Deputy editor in chief Veronika Munk speaks surrounded by employees at Index.hu on 24 JulyImage copyright
Reuters

Image caption

The Index team gathered in the newsroom before walking out

More than 70 journalists and staff at Hungary’s top news site Index have resigned, accusing the government of launching a bid to destroy or tame their website.

Index is the last of Hungary’s key independent media and editor in chief Szabolcs Dull was fired on Tuesday.

Its journalists said the sacking was “clear interference” and an attempt to apply pressure on the site.

Hours later protesters gathered in Budapest to rally for media freedom.

Over the past decade, supporters of nationalist and conservative Prime Minister Viktor Orban have gradually taken control of Hungary’s independent media. Hungary is ranked 89th out of 180 countries on the Reporters without Borders World Press Freedom Index.

Image copyright
Reuters

Demonstrators were planning to march on the prime minister’s office.

Only last month, Szabolcs Dull had warned that Index was “under such external pressure that could spell out the end of our editorial staff as we know it”. In an alarming piece published on 22 June, he warned that the website’s editorial staff were “in danger” and the dial on a “freedom barometer” on the homepage was moved to “in danger”.

On Friday, three leading editors and more than 70 others said they were ending their employment there, because board president Laszlo Bodolai had refused to reinstate the chief editor. There were emotional scenes as they proceeded to walk out of the office.

Mr Bodolai rejected claims that the website’s independence was at risk, blaming Dull for failing to control tension within the newsroom.

Pro-Orban businessman at centre of row

Fears for Index’s independence came to a head a few months ago when Miklos Vaszily, a pro-Orban businessman, took a 50% stake in the firm that controls Index’s advertising and revenue.

He already ran pro-government broadcaster TV2 and was seen as playing a key role in turning another Hungarian website, Origo, into a pro-Orban outlet.

As the drama unfolded in the Index newsroom on Friday, a photo emerged of Mr Vaszily having lunch with key Orban adviser and historian Maria Schmidt.

What does this mean for Hungary and Orban?

The demise of Index deprives the Hungarian public of the strongest independent voice in the media.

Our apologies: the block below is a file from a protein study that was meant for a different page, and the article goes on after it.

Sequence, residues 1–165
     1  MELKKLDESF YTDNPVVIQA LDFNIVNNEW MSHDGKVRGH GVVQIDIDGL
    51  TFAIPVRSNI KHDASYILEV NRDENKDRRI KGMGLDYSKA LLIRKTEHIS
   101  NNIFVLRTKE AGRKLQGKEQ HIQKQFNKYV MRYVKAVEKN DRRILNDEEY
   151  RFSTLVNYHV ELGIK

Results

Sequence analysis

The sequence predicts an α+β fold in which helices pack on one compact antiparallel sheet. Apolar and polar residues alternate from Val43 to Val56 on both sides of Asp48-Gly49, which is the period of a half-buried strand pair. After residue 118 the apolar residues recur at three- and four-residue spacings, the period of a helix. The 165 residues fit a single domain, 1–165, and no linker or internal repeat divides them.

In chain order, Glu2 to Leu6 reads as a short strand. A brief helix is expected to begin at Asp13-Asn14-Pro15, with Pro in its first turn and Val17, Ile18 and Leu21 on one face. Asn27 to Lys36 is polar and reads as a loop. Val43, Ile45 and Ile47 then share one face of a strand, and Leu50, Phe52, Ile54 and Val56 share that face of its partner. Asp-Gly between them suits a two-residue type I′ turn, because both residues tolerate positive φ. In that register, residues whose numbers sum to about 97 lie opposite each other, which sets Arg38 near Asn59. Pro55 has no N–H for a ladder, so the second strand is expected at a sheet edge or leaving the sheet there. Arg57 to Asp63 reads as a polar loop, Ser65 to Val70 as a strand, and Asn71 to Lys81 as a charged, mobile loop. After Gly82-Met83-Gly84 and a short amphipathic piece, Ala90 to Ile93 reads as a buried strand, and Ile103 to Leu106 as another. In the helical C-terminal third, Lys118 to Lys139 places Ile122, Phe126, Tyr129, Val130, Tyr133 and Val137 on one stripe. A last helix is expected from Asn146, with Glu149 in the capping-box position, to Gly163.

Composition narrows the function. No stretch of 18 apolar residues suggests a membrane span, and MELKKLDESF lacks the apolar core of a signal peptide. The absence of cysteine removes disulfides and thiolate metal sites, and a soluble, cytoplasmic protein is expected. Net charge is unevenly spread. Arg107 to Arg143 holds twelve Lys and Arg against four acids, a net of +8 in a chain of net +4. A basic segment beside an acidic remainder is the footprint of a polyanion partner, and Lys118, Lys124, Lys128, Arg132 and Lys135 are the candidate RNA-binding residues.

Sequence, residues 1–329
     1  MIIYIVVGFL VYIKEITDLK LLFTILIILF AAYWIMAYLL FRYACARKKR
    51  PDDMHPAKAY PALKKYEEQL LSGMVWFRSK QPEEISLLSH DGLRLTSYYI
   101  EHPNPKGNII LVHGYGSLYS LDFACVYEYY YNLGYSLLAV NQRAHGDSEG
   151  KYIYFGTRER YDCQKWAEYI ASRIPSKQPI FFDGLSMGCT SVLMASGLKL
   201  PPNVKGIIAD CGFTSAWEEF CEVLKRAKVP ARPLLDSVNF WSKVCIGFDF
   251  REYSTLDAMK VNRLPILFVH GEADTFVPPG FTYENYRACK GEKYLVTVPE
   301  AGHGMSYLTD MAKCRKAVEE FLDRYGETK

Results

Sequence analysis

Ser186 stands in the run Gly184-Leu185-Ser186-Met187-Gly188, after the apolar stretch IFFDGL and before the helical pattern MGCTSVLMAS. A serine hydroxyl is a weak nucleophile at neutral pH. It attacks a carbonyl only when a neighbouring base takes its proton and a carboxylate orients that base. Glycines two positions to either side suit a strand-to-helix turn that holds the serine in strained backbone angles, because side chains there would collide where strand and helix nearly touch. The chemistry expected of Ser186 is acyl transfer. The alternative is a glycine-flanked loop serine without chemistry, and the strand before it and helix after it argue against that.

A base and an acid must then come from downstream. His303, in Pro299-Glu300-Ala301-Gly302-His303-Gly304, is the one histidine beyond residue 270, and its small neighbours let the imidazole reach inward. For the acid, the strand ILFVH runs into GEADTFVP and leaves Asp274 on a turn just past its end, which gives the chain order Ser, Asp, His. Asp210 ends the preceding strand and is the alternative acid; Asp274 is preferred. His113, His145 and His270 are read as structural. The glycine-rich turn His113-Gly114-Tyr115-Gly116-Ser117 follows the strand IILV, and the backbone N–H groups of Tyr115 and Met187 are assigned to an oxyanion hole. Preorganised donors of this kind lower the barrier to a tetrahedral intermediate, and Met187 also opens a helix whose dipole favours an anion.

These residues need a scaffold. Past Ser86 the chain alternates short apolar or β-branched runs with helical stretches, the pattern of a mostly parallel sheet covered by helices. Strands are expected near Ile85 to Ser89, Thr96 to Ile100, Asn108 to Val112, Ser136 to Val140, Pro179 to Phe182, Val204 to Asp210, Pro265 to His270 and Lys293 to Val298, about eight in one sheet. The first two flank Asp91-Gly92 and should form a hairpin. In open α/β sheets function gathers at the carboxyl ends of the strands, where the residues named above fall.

Staff resigned because they had pledged to remain free of political influence – in a country where much of the media simply await orders from the government on what to report, and how to report it.

The newsrooms of public service radio, TV and the state news agency MTI long ago gave up any pretence of impartiality.

Nepszabadsag, the main left-wing paper, ceased publication in 2017, while Origo, another news site , switched to the government side in 2014.

Nearly all regional media are part of the Fidesz media empire. Index reporters have formed a Facebook group to try to continue their work.

At first sight, events at Index look like yet another victory for Viktor Orban. But the man who rose to prominence opposing one-party rule has now re-established one-party rule. By capturing the state – economy, parliament, constitutional court, media – he risks looking ridiculous.

Those critical of his rule may also be forced to rethink the forms of their opposition. Some argue for new, or merged parties. But there is also a growing clamour to boycott parliament and the 2022 elections, to strip Orban of his last claim to democratic legitimacy.

Hungary’s continuing spat with EU

Mr Orban’s Fidesz-led government has repeatedly clashed with the European Union about rule of law, and the party was suspended by the European Parliament’s centre-right EPP grouping because of its immigration policies.

Last month, the EU’s top court ruled that Hungary broke European law by restricting foreign funding of civil society organisations.

Earlier this week, Mr Orban said Hungary and Poland had won a “huge victory” against EU countries trying to link rule of law guarantees to a new budget and package of Covid-19 recovery loans and grants.

But the head of the European Council, Charles Michel, was adamant that the deal agreed on Monday was “the first time that the respect for rule of law is a decisive criteria for budget spending”.



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